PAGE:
SOA Vigil fosters hope and humanity

By Mark Saldaña

Mark Saldaña recounts what happened when he stepped off the bus in Fort Benning, Ga., for the Vigil at the School of Americas.We push through the crowd and fall into Rufina’s arms, Feta, an activist, explained in a thick Italian accent, her arms flailing for emphasis.

I nodded along with the others: a short woman with a gray ponytail, three girls with pin-adorned messenger bags, a soft-spoken punk from North Carolina. Behind us were countless more, each holding a blue flag and gawking at the cardboard scenery parading to the stage.

The Puppetistas rehearsed the show only an hour before, which did little other than confuse its hundreds of impromptu participants. What absurd syllables to chant, which direction to run, how to get a person back onto stilts: these were the questions only partially answered, and otherwise swallowed up by the crowd of tens of thousand moving about under the Georgia sun.

I snaked my way through the crowd to regroup with the others.

A procession of trash-can drummers began to meet us behind the stage, but the Puppetistas wasted no time. We were surrounded by the gigantic cloth arms of Rufina Amaya, the only survivor of the El Mozote village massacre of several hundred carried out by a School of Americas graduate. The back of Rufina’s cardboard head was just visible from within her embrace.

A military helicopter hovered disarmingly close. When the drums quieted, the air filled with its drone.

Forward, now. Together. We were guided back into the crowd by unseen Puppetistas. Without warning, Rufina’s arms folded away, and we faced the gathering of thousands. Gigantic puppet “Deaths” adorned in blue flowing garments flocked towards the villages, reenacting its slaughter in curious, colorful metaphor.

A sudden explosion of music came from the stage, and we sprinted out. The entire production erupted into a cacophony of action, of dance, of flags twirling and voices whooping.

We followed Rufina through the crowd, dancing to the drums as strangers smiled and laughed.

Since its relocation from Panama to Fort Benning, Ga., in 1984, the School of Americas has attracted outrage for its continued role in training Latin American soldiers to kidnap, murder and kill. The U.S Military renamed it the Western Hemisphere Institute for Security Cooperation in 2001, but offered no substantive change to its operations.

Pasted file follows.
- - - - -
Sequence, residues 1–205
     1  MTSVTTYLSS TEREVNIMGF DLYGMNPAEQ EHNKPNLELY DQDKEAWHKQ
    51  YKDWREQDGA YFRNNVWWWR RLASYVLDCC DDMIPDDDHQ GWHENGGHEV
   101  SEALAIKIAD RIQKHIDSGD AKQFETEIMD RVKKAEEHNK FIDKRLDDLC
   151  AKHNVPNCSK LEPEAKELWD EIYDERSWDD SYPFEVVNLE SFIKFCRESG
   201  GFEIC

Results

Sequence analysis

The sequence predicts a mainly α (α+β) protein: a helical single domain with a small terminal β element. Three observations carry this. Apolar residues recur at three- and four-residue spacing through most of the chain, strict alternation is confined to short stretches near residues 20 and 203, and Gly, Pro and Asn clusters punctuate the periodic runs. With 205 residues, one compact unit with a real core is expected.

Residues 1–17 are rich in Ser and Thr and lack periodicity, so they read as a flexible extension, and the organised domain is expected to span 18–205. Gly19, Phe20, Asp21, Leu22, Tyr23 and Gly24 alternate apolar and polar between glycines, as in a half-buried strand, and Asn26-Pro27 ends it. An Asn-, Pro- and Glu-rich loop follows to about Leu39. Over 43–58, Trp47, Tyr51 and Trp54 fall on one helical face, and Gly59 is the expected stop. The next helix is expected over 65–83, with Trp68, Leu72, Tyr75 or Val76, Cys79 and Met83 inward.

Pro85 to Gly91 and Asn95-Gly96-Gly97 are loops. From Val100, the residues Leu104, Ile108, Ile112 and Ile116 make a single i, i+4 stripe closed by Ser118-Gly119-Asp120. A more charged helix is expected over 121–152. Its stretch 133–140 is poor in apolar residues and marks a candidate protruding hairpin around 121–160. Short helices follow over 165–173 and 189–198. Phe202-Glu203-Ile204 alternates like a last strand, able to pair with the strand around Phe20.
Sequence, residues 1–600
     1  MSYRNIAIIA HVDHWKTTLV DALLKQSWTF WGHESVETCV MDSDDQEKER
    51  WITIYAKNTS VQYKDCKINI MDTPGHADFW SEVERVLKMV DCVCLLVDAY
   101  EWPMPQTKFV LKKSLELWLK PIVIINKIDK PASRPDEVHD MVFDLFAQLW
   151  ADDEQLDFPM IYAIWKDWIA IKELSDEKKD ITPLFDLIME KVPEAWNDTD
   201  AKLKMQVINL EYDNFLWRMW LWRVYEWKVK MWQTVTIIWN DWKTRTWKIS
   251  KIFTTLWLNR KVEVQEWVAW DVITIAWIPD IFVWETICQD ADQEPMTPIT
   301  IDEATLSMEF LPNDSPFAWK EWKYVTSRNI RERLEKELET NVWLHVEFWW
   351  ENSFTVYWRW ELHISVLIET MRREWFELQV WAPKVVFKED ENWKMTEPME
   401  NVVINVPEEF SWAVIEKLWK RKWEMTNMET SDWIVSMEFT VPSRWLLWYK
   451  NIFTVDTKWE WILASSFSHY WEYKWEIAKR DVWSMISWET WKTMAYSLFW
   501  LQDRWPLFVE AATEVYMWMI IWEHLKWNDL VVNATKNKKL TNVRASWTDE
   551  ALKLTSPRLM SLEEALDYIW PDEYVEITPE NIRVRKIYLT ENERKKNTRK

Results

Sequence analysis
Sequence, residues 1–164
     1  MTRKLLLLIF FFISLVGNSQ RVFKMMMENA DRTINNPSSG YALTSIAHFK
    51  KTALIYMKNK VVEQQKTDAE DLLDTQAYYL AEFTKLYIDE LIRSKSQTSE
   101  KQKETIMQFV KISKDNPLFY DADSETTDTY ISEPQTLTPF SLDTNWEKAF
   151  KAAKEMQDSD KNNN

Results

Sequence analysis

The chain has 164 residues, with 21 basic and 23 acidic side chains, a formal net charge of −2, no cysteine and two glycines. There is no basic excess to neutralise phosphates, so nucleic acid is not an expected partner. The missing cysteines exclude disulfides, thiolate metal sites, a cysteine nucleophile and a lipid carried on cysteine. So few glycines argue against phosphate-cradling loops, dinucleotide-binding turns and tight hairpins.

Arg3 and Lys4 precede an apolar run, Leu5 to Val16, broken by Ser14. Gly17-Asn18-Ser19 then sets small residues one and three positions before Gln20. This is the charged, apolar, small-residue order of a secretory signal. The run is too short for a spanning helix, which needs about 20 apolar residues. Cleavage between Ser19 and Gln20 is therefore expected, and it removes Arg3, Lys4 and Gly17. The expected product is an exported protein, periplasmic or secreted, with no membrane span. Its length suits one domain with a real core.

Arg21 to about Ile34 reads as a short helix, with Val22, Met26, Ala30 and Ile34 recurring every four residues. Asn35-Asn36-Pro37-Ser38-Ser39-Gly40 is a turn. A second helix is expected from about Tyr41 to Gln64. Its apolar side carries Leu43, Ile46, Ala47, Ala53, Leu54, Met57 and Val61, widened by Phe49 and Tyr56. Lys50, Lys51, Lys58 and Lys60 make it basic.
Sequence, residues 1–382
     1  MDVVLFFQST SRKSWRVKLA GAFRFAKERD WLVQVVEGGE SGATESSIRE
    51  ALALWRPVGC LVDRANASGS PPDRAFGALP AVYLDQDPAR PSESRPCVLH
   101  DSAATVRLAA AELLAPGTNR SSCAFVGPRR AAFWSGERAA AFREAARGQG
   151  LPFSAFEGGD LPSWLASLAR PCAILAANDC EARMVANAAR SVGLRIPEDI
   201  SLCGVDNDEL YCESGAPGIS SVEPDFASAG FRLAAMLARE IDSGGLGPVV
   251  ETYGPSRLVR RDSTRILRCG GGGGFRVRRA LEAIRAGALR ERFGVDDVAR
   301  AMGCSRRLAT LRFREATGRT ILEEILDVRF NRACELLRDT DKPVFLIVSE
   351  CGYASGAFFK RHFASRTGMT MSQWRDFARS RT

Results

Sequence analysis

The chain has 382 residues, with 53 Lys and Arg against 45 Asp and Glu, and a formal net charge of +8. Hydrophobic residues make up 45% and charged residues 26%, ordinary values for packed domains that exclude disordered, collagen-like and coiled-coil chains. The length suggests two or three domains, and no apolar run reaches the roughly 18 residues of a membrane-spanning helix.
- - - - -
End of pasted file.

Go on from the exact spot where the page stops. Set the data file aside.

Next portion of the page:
The SOA Watch, a grassroots organization that uses nonviolent and creative tactics to protest the School of Americas, has held its Vigil to Close the SOA for 18 consecutive years, tirelessly working to close this crude reminder of United States’ policy of interventionism and regime sponsorship in Latin America. A June 2007 measure in Congress to cut funding for the SOA came within six votes of passing, but ultimately failed.

Some of the protesters flocking to the SOA’s gates in mid-November have made the pilgrimage annually for a decade or longer.

I walked from the Puppetistas and met up with other Macalester and University of St. Thomas students in front of our tour bus. The bus took us to the Colombus Convention Center, where various interest groups had set up free workshops for protesters and the community.

I attended “Free Trade, Immigration, and U.S. Foreign Policy,” a workshop directed by Witnesses for Peace and filled with elderly women and radical high schoolers alike. People wandered freely among the rooms, meeting one another and listening to firsthand accounts of disparity and revolution in English and en español.

Sunday morning, we returned to the gates of Fort Benning to join a massive crowd gathered in front of the stage. Spectators chanted protest hymns (“No mas, no more, we must stop the dirty wars!”) and cheered the politicking and personal indignation of speakers such as Presidential candidate Dennis Kucinich and a widower from Guatemala.

At a quarter past ten, the Vigil began.

“Domingo Claros, viente-nueve años,” sang a speaker from the soundstage.

“Presente,” answered the crowd of thousands.

“Cristino Amaya Claros, nueve años, hijo de Domingo.”

“Presente.”

At each thundering response, the crowd raised symbols of commitment above their heads: crosses, Stars of David and candles, each inscribed with the name of a victim. Many simply raised their hands or bowed their heads.

The call response was repeated again and again, once for every victim at El Mozote and neighboring El Salvadoran villages slaughtered in 1981 by the SOA-trained Atlacatl Battalion. Many of the victims were children, some too young to speak. Still more were unidentifiable, and remembered only as “Unknown Woman,” “Unknown Man.”

The Vigil procession moved slowly, deliberately, with each syllable of the 767 names lingered upon.

We made our way to the military gates, where mourners wove their crosses and candles between the barbed-wire fencing, leaving behind a dense, beautiful mosaic. Nuns lay nearby in disturbing heaps, their bodies sprawled to recall the murdered.

We tore ourselves from the scene and departed for Minnesota. We were quieter than before, but happy to be so exhausted and so overwhelmed with emotion.

Our celebration and mourning allowed us to feel the humanity of every victim as something more than digits of a body count buried in a newspaper article. Georgia revealed to us a faith in humanity that knows no geographic or political boundaries, that shapes everything we find worthwhile in the world, and that refuses to allow the stubbornness of our leaders and protectors to maintain a place like the School of the Americas.